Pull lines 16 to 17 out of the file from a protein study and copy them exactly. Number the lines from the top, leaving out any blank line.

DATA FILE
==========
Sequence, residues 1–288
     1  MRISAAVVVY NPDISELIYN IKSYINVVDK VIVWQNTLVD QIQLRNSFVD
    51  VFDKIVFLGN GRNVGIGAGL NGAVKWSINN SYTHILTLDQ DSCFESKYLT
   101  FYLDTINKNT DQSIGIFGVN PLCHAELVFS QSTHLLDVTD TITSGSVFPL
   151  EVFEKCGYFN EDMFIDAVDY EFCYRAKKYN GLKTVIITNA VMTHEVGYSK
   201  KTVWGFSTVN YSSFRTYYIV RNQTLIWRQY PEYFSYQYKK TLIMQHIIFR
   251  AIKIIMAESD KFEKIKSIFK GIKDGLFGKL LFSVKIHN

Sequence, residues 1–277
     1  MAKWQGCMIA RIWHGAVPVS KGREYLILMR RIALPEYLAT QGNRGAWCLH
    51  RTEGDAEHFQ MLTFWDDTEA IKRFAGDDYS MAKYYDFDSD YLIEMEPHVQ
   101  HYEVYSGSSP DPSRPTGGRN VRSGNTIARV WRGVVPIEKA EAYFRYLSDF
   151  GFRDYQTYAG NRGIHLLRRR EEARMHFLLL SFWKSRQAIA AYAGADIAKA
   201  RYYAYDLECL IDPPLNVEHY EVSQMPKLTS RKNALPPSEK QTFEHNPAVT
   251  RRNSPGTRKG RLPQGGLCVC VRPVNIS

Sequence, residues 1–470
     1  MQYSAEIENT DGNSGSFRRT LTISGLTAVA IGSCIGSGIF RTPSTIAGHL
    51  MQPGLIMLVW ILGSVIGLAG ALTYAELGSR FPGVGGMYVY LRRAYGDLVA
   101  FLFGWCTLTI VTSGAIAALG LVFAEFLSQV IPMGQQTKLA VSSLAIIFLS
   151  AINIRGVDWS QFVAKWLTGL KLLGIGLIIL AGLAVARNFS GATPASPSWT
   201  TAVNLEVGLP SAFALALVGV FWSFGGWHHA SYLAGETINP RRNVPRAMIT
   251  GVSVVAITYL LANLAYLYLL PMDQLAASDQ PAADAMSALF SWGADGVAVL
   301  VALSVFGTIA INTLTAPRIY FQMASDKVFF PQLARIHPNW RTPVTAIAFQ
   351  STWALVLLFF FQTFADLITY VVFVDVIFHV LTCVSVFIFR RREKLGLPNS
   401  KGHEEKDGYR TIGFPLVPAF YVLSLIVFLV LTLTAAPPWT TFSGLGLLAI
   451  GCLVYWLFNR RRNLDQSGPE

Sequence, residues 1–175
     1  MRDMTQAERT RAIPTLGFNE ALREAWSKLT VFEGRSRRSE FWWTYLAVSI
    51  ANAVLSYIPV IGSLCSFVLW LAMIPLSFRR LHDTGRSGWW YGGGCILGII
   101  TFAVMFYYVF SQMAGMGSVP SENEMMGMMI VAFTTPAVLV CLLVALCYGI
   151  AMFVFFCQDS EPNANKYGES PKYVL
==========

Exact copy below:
     1  MQYSAEIENT DGNSGSFRRT LTISGLTAVA IGSCIGSGIF RTPSTIAGHL
    51  MQPGLIMLVW ILGSVIGLAG ALTYAELGSR FPGVGGMYVY LRRAYGDLVA